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Parks Architect Talks What’s Next For Bethesda’s Freeland Park

By Aaron Kraut

Thursday - 11/21/2013, 2:35pm  ET

Caroline Freeland Urban Park, via Montgomery ParksCreating balance in Caroline Freeland Park — between its use as a buffer to downtown Bethesda and its potential for more lively uses — is in large part the job of Lucas Bonney, the Montgomery Parks project manager and landscape architect in charge of the park’s renovation process.

We spoke to Bonney about the potential for the one-acre park (7200 Arlington Rd.), what residents told him they like about it now and what changes could be on the horizon for one of downtown Bethesda’s rare park uses. What sorts of things did you hear from people at the public meeting [Ed. note: It happened Nov. 6] and were there any general themes?

Bonney: We heard that definitely the playground is a very big element to the park. Mothers and fathers go their with their kids, sometimes late into the day in the summer. It’s a very popular element and the community was part of that renovation in 2010. That’s near and dear to many of the community members.

The trees and the green space is very important to maintain. That was a very important element to the community members — that we maintain a green buffer in a heavily urbanizing area. The park as a buffer zone between downtown Bethesda and the single family neighborhood to the west is a big topic, especially with Parks talking more about urban parks and many in Bethesda wanting more lively and active civic spaces. How do you bridge that gap, manage that dilemma?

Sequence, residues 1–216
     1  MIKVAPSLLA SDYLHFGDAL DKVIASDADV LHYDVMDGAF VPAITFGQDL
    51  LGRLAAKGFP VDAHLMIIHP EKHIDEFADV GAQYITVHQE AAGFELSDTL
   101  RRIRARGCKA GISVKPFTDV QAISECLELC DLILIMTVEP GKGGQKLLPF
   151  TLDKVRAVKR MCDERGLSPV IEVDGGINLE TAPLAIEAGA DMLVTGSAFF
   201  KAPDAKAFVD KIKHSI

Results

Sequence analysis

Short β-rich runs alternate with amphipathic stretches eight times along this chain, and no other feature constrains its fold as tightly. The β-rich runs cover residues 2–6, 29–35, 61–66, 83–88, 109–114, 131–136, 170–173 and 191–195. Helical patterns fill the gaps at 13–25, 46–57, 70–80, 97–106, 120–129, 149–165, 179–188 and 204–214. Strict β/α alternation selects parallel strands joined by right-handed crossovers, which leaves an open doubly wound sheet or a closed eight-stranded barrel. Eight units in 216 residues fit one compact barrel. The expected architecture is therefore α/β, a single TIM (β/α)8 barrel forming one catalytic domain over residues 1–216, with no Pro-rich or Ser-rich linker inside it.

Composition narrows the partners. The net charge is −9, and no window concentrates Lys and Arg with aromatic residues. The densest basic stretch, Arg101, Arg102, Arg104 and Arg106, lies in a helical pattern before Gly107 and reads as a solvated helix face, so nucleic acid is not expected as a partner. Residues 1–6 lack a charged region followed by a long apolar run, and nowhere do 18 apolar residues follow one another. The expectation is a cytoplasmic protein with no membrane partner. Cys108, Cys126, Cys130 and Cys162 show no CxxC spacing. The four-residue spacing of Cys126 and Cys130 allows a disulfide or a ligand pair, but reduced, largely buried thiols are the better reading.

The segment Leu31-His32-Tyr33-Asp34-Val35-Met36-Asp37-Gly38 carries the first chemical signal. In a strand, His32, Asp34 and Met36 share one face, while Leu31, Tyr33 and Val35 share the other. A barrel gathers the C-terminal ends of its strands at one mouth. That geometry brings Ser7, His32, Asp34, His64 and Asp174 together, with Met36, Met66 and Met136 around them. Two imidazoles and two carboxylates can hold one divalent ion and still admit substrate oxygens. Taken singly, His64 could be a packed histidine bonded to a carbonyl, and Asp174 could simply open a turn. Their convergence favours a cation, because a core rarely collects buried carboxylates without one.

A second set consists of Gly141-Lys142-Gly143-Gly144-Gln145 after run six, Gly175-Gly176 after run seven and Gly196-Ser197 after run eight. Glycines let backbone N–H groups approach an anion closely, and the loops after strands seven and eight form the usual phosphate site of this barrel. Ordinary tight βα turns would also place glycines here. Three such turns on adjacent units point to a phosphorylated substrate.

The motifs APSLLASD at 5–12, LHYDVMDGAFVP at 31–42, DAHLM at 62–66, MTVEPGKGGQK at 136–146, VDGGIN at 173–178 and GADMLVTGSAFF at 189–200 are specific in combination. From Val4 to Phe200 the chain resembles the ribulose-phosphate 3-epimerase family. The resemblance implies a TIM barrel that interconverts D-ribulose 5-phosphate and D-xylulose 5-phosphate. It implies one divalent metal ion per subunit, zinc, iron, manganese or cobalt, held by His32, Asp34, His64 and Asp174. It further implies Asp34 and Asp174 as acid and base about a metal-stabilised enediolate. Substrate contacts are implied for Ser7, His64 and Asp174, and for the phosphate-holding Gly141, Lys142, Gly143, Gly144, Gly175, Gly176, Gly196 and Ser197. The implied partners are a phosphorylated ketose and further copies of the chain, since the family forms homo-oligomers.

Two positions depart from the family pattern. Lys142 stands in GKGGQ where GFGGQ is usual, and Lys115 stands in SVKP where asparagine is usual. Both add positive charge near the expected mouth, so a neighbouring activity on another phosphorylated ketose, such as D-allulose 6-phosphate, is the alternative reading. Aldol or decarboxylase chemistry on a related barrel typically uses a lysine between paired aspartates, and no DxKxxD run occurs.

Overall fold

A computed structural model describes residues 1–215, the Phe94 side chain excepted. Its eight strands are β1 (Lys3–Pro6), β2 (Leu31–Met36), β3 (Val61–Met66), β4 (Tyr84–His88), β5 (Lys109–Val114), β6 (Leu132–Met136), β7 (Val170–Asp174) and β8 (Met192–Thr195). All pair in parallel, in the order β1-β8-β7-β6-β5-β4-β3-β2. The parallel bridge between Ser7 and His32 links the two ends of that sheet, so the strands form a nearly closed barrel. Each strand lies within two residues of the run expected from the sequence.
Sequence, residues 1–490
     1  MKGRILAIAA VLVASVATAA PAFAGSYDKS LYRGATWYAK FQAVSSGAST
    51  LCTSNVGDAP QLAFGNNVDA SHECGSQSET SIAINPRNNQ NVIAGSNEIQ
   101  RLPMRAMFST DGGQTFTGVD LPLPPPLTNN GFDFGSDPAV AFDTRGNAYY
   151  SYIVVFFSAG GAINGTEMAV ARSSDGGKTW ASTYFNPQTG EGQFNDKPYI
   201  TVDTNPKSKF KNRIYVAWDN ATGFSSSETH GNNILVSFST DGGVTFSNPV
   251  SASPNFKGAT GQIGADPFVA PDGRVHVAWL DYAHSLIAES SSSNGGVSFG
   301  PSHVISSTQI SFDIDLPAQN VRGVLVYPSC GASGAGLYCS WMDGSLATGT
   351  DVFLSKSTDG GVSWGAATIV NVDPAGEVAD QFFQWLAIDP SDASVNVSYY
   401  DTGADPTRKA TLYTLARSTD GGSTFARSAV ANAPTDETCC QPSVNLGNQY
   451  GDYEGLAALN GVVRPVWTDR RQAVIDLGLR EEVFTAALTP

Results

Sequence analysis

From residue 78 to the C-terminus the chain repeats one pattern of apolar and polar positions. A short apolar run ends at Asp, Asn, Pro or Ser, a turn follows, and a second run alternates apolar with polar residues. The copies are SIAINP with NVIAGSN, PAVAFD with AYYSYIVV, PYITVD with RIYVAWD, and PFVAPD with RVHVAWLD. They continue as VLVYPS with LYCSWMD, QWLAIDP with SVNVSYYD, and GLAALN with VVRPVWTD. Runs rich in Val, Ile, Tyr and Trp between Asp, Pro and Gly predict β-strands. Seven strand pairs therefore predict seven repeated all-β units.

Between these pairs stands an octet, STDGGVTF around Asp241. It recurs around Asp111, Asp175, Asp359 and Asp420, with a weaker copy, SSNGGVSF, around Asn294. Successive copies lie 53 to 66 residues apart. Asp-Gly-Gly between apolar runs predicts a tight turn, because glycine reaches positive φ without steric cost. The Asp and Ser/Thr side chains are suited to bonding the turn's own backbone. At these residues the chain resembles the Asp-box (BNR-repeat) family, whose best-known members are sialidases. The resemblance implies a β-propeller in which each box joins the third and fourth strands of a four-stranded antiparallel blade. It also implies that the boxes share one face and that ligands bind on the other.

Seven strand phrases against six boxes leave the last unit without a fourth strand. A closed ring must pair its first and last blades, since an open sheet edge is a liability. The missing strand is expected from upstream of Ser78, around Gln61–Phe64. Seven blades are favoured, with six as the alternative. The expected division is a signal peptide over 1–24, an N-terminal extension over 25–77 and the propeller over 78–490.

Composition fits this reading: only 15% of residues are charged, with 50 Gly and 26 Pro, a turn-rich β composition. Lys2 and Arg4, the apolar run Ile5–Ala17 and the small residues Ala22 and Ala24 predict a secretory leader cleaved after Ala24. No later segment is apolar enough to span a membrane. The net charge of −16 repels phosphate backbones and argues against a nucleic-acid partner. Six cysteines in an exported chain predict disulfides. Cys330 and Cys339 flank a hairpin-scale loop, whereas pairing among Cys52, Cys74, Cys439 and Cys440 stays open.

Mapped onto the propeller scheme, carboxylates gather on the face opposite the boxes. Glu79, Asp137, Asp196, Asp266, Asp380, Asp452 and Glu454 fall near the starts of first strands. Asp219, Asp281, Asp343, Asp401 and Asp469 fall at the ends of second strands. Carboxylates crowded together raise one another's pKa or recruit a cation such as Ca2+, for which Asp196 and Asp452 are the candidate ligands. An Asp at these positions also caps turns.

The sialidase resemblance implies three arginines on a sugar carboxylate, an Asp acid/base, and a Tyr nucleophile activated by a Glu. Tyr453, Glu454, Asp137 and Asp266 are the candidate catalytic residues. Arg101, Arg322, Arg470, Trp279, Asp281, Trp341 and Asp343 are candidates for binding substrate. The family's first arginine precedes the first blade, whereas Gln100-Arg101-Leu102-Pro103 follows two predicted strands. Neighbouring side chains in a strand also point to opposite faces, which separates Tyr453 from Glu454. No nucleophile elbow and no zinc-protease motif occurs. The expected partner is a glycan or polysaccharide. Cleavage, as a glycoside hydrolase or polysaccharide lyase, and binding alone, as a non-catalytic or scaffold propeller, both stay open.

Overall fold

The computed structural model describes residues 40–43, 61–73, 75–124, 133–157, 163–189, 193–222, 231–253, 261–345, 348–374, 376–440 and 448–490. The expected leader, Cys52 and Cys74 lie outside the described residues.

Bonney: As a landscape architect, I enjoy designing urban parks and integrating green space with urban activities. That’s especially a challenge at this park because of its size. It’s only one acre and it is in such close proximity to the downtown area and the residential properties. I’m definitely interested in integrating small-scale urban activities in a park that looks green and has tree canopy elements.

We need a mix of those uses, because inevitably that’s the desire for the park — to have a multi-use park for many different people, not just for the immediate land owners or the residential homeowners, but for all people in Bethesda.

We’ve been in talks with the Bethesda Urban Partnership’s [Deputy Executive Director] Jeff Burton and trying to understand where the activity areas are and which urban spaces are being used for musical events or activities that the Urban Partnership holds and how the park would fit within the matrix of services there. We want to integrate, but we also have to be careful, because it is very close to residential properties, to strike the correct balance of uses.

It also should be maintained as a quiet park during different times of the month and in the summer. So that’s an important balance.

Public art at Caroline Freeland You alluded to music events, but what other sorts of things constitute “urban activities?”

Bonney: You can have events like bike events or running events — maybe 100 or so people gather at the park in the morning and use it as a kind of kickoff space. So you would have to design the park in a way that it would accommodate events with multiple people, but also look like an inviting park during more normal times.

Hampden Lane [Ed. note: A small section of Hampden Lane actually dead ends west of Arlington Road, between the Bethesda Library and the park] is an opportunity in that it’s what we call a paper street. It’s currently inaccessible by car, but it is a space that could be used as more of a public gathering space for a large crowd or maybe a farmers market. You could have a small stage during the day on the weekend.

But of course, getting the right type of scale is very important for this park. I have to ask about the “Bethesda Walk Around” sculpture. That gets a lot of interest. Will that be part of the park upgrade? Is it something that can’t be moved around?

Bonney: The art piece is important. Public art is an important part of Bethesda. We feel that its position is a little bit disjointed and ill-placed within the park. We’re open to repurposing that within the park, improving the setting of the art piece rather than removing it altogether.

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